Singapore says Myanmar situation 'alarming', but no need for sanctions

Singapore says Myanmar situation 'alarming', but no need for sanctions

Protesters hold up signs with an image of detained Myanmar leader Aung Saan Suu Kyi and demanding her release during a demonstration against the military coup in front of the US embassy in Yangon on Tuesday. (AFP photo)
Protesters hold up signs with an image of detained Myanmar leader Aung Saan Suu Kyi and demanding her release during a demonstration against the military coup in front of the US embassy in Yangon on Tuesday. (AFP photo)

SINGAPORE: Singapore's foreign minister on Tuesday spoke out about "alarming developments" in Myanmar but said he did not support widespread sanctions on the country in response to a coup there, which could hurt ordinary citizens.

Addressing parliament, Vivian Balakrishnan said he hoped detainees including ousted leader Aung San Suu Kyi and President Win Myint could be released so they can negotiate with the ruling military council, which seized power on Feb 1.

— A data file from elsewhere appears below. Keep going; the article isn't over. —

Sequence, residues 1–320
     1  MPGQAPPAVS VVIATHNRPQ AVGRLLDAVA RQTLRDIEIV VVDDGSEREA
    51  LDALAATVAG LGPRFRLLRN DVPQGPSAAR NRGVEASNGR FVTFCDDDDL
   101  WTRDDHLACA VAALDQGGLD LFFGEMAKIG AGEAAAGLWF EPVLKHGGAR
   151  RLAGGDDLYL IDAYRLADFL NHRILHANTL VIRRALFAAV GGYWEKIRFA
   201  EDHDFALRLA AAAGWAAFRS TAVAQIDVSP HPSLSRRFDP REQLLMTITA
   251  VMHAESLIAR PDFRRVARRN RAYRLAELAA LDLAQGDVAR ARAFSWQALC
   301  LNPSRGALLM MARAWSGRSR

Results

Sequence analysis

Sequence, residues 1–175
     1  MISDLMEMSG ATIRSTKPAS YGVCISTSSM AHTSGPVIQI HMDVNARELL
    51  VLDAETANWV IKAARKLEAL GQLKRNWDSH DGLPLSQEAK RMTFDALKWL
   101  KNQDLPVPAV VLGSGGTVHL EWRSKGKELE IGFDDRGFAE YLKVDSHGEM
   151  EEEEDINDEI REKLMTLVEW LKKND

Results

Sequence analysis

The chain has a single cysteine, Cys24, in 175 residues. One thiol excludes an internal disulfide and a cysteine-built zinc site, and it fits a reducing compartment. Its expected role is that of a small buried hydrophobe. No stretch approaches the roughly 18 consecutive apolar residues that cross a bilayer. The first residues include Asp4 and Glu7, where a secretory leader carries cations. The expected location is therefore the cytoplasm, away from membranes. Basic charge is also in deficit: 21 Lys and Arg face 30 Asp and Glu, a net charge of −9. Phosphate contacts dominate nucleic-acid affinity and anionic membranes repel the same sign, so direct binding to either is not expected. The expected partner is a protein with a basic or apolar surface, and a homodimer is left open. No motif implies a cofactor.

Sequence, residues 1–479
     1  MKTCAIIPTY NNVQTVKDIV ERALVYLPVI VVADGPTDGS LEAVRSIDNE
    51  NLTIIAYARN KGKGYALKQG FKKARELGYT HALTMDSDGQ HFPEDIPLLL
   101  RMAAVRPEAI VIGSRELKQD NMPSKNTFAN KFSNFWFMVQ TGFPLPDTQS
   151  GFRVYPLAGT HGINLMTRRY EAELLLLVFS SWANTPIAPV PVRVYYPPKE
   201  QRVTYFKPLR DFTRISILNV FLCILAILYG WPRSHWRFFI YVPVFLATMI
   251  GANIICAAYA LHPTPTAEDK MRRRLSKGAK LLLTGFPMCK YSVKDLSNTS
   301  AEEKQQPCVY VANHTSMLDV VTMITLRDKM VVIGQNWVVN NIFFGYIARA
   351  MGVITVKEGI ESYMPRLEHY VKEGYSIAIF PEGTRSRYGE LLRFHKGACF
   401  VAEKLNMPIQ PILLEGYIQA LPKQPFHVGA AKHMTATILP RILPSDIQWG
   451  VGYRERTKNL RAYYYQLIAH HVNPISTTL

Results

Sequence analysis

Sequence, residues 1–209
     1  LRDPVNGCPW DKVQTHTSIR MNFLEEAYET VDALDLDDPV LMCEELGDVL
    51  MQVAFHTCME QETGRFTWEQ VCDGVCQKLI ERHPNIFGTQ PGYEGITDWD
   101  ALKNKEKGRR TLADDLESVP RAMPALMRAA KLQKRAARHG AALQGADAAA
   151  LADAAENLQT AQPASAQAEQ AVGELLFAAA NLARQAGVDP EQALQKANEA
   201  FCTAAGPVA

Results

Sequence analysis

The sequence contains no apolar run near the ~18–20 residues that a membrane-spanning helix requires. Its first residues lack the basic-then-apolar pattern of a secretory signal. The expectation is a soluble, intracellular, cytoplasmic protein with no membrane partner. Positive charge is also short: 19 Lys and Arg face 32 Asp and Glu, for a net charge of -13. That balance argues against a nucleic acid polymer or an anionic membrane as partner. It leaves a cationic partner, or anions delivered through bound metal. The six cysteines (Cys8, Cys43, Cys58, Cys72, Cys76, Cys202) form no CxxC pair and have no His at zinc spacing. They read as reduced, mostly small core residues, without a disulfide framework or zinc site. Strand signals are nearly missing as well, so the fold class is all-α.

Balakrishnan said Singapore, a major investor in Myanmar, was concerned about violent clashes at protests, the arrests of civil servants, internet blackouts and troop deployments and armoured vehicles in city streets.

"These are alarming developments. We urge the authorities to exercise utmost restraint," he said.

"We hope they will take urgent steps to de-escalate the situation. There should be no violence against unarmed civilians. And we hope that there will be peaceful resolution."

Balakrishnan said Suu Kyi's party had achieved a landslide victory in the November election and the coup was "a major setback" for Myanmar's economy, adding Singaporean businesses might reassess their risk profiles and exposure to the country.

Imposing broad sanctions would hurt the population in Myanmar, where poverty was rife, he said, adding he had conveyed that in discussions with western counterparts, including Germany.

The United States and Britain are among countries that have announced or threatened sanctions in response to the Myanmar coup.

"We should not embark on widespread generalised indiscriminate sanctions because the people who will suffer most will be the ordinary people in Myanmar," he said.

His remarks were among the most comprehensive by a minister from the Association of Southeast Asian Nations (Asean), which has a policy of non-interference in its members affairs.

Indonesia and Malaysia have been calling for a special meeting to discuss the situation in Myanmar, an Asean member. 

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